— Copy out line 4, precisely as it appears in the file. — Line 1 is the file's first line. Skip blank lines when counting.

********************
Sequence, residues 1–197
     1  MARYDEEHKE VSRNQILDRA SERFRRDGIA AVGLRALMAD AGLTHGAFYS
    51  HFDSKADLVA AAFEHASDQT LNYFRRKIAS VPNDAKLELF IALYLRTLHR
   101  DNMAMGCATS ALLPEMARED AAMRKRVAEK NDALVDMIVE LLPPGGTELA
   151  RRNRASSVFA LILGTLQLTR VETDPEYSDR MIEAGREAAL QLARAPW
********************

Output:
   101  DNMAMGCATS ALLPEMARED AAMRKRVAEK NDALVDMIVE LLPPGGTELA